A thaw in trade tensions between the United States and China lent hope to local equities yesterday, although some of the rosiness evaporated over the course of the day.
The benchmark Straits Times Index (STI) slid from a morning peak to finish up 18.96 points, or 0.54 per cent, to 3,548.23. However, losers beat gainers 201 to 193 on the full bourse, as 1.28 billion shares changed hands for $1.04 billion.
Winners on the index included Venture Corporation, which gained 56 cents, or 2.64 per cent, to $21.76.
Singapore Airlines ended up 12 cents, or 1.04 per cent, to $11.68.
Some cheer came from US-China trade talks. US Treasury Secretary Steven Mnuchin said on Sunday the trade war was "on hold", referring to the tariffs announced in March.
Wilmar International, an index agribusiness that had been fretting over the impact of soya bean tariffs on its Chinese operations, added two cents, or 0.62 per cent, to $3.25.
Technology stock Hi-P International, which has six manufacturing facilities in China, put on five cents, or 3.68 per cent, to $1.41.
With the scuppered Iran disarmament deal unresolved, oil's firm footing above US$70 continued to give a lift to energy stocks.
In the industrial real estate investment trust (Reit) arena, last Friday's proposal to merge ESR-Reit and Viva Industrial Trust (VIT) pushed ESR-Reit down one cent, or 1.91 per cent, to 51.5 cents. VIT advanced one cent, or 1.12 per cent, to 90 cents.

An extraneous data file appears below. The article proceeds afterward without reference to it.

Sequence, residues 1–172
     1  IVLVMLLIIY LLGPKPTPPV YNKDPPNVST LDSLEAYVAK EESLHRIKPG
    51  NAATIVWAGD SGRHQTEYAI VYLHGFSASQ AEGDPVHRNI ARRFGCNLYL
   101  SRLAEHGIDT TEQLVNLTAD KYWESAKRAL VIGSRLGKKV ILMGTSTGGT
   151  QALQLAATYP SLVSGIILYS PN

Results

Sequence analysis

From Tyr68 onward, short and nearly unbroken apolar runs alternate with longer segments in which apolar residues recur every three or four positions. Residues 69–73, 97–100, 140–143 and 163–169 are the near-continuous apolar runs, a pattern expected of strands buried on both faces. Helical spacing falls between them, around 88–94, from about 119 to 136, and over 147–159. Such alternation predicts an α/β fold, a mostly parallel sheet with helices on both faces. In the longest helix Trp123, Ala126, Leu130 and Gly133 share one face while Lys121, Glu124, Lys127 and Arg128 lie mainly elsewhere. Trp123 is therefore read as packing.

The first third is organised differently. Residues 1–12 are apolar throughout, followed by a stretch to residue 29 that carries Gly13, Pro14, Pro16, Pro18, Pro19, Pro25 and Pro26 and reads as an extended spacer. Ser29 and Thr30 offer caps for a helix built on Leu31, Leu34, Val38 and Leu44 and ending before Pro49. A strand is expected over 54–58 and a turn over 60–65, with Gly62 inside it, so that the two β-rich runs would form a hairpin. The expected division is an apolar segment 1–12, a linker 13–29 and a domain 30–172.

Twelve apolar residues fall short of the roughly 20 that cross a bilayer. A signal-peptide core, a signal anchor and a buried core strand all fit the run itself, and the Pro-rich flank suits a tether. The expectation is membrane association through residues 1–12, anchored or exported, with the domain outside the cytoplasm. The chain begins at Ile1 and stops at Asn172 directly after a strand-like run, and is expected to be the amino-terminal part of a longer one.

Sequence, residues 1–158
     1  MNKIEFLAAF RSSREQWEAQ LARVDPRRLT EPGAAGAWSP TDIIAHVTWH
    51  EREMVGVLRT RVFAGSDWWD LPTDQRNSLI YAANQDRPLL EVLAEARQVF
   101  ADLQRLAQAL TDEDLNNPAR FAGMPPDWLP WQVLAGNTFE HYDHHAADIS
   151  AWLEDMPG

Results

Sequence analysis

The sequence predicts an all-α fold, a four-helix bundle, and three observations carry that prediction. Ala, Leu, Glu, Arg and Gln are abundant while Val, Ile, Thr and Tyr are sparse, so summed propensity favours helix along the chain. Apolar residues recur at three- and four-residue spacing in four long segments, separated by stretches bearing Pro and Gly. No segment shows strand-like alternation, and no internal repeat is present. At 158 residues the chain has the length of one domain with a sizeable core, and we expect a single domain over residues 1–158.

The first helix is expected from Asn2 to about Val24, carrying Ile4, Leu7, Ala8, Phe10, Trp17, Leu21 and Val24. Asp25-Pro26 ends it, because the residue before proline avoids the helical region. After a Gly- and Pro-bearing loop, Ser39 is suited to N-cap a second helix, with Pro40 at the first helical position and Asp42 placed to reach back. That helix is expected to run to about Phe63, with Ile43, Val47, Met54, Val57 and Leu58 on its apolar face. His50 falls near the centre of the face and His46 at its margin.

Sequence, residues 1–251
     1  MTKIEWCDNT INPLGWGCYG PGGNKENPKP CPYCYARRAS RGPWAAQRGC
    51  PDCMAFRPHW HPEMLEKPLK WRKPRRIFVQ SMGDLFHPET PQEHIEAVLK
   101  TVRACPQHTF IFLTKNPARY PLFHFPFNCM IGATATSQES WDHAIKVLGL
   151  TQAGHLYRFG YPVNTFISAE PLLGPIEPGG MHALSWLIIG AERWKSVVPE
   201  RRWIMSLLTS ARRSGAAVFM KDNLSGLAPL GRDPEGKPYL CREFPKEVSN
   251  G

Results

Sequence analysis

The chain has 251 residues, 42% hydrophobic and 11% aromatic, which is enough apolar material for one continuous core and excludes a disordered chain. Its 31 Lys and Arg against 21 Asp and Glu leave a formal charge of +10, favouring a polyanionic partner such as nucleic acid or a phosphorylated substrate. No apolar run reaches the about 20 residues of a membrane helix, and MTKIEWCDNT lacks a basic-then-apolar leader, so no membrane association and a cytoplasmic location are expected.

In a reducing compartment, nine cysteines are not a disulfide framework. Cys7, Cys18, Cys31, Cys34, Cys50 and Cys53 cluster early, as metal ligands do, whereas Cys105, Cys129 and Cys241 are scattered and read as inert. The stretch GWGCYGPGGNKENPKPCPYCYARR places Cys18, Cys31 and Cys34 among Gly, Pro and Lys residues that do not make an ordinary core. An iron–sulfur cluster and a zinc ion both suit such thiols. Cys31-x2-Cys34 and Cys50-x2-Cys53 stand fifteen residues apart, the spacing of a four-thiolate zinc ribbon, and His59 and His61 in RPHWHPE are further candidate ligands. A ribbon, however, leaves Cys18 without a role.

The move would see the ESR-Reit manager run the enlarged trust, with VIT to be delisted. "We deem the terms are 'principal-positive' for VIT unit holders," said OCBC analyst Deborah Ong. "Overall, our estimate implies that one VIT unit can be traded for an aggregate value of at least $0.942."
UOB research head Suan Teck Kin and senior economist Alvin Liew said "markets will be relieved (by) the positive conclusion" of the US-China talks. "The de-escalation of trade frictions will remove one key near-term risk undermining the current synchronised growth path of the global economy and should be a stabilising factor for the current global trade arrangement."
Morgan Stanley noted that China agreed to cut the US trade deficit by raising its purchases of American goods, which "could lead to increasing competition for countries with leading market shares" in products such as liquefied natural gas.
IG Asia market strategist Pan Jingyi said "Asian markets are expected to be supported into the week's open with the reduction of risk" from the trade talks, adding that a 3,520-point support level is "in question" with the STI.